In recent years, nations have challenged the activities and very existence of non-governmental organizations. Russia, Zimbabwe, and Eritrea have enacted new measures requiring registration; “Open Society Institute” affiliates have been shut down in Eastern Europe; and Venezuela has charged the Súmate NGO leaders with treason. In Iraq and Afghanistan, staff of Western charitable NGOs (CARE and Doctors Without Borders) have been assassinated.
What are these organizations, and who or what is behind them?
They are heirs of the missionaries, who did many good deeds, bringing sewing machines to Bulgaria, ideas of women’s liberation to Chinese footbinders, and life-saving medicines to the less industrialized world. Yet the missionaries also served as scouts for corporations and colonizers, tying knots with the most ambitious local people, especially those adept at bilingualism.
Missionaries are still operating today, but the field has become more intensely populated and diverse. Today’s NGOs are elephantine, serpentine, and Byzantine. They may be international organizations, their local affiliates, or seemingly spontaneous grassroots groups.
Most funding and direction come from the wealthy nations. Often the donors form a conglomerate creating mutual responsibility and considerable ambiguity. CIVICUS, a partnership to promote “civil society” worldwide, is funded by, among others, American Express Foundation, Bristol-Myers Squibb Foundation, Carnegie Corporation, Canadian International Development Agency, Ford Foundation, Harvard University, Oxfam, and United Nations Development Programme.
If the source is confusing, the message is usually clear: “democratization” strives for civil rights and elections, but it also must include an open door to foreign capital, labor contracts, resource extraction, and military training. These networks also define “civil society” to include rock concerts and street mobs, but not government-provided maternal health clinics, child care, or senior services.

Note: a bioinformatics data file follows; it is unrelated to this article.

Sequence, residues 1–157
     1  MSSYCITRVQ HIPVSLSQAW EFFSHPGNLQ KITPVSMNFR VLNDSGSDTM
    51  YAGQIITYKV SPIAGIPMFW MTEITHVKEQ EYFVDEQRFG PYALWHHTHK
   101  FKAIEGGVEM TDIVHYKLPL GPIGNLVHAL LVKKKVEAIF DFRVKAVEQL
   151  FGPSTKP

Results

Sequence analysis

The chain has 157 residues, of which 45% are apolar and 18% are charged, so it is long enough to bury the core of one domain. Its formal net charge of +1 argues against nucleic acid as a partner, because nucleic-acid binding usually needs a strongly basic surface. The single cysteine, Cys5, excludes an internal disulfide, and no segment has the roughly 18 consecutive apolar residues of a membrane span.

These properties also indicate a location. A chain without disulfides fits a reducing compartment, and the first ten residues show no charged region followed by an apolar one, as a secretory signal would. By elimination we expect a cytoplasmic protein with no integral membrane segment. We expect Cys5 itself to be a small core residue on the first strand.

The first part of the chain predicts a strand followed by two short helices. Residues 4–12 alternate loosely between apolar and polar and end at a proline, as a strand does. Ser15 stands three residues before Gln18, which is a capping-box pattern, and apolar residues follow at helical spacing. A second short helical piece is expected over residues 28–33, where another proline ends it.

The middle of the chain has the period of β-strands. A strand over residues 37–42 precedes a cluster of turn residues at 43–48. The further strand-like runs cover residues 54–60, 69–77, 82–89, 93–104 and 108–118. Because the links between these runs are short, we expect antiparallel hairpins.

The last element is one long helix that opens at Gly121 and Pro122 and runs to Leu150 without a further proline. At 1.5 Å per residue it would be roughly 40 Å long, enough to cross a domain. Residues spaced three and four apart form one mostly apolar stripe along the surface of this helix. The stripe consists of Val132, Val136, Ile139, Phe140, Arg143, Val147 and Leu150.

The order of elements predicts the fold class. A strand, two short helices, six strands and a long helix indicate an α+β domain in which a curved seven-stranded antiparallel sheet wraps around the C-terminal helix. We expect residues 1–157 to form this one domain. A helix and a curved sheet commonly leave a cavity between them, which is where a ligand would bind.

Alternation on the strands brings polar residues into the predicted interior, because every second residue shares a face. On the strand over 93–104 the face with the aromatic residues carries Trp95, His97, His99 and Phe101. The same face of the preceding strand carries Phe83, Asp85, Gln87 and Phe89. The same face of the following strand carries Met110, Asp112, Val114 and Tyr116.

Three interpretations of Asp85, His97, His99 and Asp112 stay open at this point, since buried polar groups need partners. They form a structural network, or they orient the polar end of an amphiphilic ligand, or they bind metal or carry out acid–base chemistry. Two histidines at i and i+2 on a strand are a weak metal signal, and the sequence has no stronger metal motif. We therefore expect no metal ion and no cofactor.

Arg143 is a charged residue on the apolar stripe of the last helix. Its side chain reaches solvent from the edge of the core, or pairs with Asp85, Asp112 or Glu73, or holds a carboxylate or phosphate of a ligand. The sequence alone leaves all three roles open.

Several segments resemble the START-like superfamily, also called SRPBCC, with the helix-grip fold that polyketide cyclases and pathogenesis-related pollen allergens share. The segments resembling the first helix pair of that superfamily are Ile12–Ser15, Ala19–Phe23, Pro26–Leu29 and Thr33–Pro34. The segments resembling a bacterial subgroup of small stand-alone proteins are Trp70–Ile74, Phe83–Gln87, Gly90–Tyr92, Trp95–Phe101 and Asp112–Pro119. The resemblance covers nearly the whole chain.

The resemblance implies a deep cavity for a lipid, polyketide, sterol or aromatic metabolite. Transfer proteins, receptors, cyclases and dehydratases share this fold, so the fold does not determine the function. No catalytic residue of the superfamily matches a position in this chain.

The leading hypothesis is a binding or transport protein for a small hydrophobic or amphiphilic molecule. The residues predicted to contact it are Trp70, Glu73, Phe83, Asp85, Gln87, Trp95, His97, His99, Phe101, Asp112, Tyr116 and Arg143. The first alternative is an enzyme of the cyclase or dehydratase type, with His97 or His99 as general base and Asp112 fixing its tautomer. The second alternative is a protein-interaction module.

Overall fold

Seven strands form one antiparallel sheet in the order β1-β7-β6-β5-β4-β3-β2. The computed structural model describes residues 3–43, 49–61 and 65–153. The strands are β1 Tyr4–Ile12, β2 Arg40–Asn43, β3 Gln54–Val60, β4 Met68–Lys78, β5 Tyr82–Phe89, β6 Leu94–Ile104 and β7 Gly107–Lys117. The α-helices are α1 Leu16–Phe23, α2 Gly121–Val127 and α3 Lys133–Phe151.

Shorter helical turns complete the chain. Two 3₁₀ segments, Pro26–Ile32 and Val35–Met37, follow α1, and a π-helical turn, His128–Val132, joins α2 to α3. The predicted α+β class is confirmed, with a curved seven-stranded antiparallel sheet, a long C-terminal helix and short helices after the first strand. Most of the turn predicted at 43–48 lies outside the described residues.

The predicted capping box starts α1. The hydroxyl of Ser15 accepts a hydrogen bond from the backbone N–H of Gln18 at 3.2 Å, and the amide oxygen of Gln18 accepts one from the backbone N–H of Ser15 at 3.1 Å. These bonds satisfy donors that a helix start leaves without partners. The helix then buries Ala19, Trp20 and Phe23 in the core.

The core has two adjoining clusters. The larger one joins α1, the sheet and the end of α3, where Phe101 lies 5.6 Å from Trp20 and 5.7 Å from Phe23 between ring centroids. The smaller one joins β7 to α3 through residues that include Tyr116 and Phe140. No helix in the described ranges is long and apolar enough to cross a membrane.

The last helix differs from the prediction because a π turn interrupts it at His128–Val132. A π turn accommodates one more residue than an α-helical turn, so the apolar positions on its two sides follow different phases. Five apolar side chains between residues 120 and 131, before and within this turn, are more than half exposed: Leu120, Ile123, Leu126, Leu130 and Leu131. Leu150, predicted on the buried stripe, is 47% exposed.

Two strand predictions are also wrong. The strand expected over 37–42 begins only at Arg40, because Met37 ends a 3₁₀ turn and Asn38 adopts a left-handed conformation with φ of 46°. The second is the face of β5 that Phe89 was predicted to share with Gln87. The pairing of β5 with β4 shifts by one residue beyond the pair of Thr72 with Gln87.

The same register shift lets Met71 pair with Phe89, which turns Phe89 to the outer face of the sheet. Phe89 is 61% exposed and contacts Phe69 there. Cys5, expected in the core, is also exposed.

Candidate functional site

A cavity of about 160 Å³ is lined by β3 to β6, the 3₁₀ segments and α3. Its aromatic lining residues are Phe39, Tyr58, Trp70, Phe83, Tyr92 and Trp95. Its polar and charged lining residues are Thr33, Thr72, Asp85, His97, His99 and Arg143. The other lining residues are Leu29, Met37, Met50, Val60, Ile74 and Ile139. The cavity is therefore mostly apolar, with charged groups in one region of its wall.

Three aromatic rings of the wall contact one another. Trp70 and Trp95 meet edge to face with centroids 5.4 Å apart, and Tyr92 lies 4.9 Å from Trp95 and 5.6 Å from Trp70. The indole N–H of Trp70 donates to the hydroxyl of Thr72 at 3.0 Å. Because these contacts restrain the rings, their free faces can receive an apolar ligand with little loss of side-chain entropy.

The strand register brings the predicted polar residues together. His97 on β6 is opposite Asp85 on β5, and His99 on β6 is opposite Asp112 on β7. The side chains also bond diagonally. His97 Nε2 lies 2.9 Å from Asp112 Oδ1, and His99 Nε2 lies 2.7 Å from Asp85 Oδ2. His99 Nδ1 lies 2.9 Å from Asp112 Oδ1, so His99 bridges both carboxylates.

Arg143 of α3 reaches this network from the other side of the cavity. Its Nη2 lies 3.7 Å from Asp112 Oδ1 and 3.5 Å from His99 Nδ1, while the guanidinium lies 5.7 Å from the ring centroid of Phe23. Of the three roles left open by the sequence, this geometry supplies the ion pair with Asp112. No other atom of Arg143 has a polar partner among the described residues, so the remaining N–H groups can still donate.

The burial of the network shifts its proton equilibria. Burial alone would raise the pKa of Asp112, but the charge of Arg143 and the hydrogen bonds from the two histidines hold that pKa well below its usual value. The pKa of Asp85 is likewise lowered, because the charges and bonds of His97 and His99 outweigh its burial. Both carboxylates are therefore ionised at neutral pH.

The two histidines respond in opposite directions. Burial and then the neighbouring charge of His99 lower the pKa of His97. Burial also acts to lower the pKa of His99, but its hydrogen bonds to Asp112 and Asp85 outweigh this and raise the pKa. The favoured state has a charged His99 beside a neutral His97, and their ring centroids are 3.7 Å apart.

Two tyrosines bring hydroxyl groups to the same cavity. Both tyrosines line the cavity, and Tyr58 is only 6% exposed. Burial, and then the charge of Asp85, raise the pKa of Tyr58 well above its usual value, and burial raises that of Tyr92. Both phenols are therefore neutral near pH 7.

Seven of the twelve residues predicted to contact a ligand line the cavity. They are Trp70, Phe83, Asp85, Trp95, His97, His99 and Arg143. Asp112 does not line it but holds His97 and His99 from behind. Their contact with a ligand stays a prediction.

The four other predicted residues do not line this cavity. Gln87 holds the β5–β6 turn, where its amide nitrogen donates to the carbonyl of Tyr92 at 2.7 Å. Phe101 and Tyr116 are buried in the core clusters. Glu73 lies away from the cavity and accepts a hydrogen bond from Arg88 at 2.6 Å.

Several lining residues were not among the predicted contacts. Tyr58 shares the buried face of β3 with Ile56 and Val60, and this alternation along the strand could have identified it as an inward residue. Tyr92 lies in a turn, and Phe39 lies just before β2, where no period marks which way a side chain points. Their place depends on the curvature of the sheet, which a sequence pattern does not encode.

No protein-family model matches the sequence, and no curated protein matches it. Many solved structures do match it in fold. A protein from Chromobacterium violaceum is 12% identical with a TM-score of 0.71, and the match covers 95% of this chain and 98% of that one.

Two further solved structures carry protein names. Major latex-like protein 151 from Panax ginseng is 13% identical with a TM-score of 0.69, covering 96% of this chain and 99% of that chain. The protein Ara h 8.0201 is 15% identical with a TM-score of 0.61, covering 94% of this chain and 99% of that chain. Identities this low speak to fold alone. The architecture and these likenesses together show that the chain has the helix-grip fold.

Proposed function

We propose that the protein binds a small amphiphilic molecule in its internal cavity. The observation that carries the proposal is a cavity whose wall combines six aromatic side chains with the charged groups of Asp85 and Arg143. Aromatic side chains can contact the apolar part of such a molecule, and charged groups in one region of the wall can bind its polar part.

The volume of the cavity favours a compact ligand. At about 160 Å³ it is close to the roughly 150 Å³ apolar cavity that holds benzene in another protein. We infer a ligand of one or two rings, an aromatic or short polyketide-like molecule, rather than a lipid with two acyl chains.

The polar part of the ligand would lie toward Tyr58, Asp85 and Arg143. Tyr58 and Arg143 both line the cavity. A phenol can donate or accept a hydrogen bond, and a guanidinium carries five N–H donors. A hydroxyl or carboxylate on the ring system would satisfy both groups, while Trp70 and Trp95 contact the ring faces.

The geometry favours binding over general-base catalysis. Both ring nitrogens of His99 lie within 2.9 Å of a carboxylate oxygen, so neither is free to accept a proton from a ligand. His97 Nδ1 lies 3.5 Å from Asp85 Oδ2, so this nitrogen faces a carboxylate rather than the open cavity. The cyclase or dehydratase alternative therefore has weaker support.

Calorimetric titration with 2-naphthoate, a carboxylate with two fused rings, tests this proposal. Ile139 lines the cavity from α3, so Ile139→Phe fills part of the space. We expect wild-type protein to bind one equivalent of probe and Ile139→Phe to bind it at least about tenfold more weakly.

Affluent nations’ government agencies are important NGO funders. The most notorious is the US National Endowment for Democracy (NED; ostensibly a nongovernmental foundation), created by Congress in 1983 to do openly what had been CIA cold war covert activities. When these operations were revealed in 1967, there was shock, not so much because the US was covertly funding foreign political and labor groups, but because organizations such as the National Education Association, American Newspaper Guild, American Federation of State, County, and Municipal Employees, and the National Student Association were secretly used as pass-throughs, and all but the top officers were unwitting. Actual and phony foundations also distributed CIA funds.
NED changed this-but not very much. It distributes grants both directly and through other organizations, now overtly. Its “core grantees” are the Center for International Private Enterprise (of the US Chamber of Commerce), the American Center for International Labor Solidarity (of the AFL-CIO), and, affiliated with the parties, the National Democratic Institute for International Affairs and the International Republican Institute. Some private foundations chip in, for example, Smith Richardson and Mellon-Scaife. The Mott Foundation gave the NDI $150,000 in 1998 “to increase public confidence in democratization and the transition to a market economy in Ukraine.” Foundations also directly co-fund NED’s ultimate grantees. Thus, the Lilly Endowment supports the Institute for Liberty and Democracy in Peru, headed by Hernando de Soto, which offers free-market remedies for poverty.
Other capitalist democracies now have government foundations similar to NED, and they work collaboratively, e.g., the Canadian Rights and Democracy and the British Westminster Foundation for Democracy. Additional US agencies have joined NED and the CIA in this work, notably, the Agency for International Development (USAID) and United States Information Agency (USIA), which support and create foreign NGOs and media.
Germany, France, the Netherlands, Greece, Italy, and Sweden fund their political parties’ foundations. The European members of the Socialist International’s fund, the European Forum for Democracy and Solidarity, distributes “democratization” aid.
The European Union has worldwide grant programs for sustainable development and democratization. NATO grant programs support environmental organizations, among others. United Nations agencies such as UNICEF, WHO, UNESCO, UNDP, and FAO have long operated this way, and the World Bank funds, sponsors, guides, and coordinates grassroots poor people’s organizations.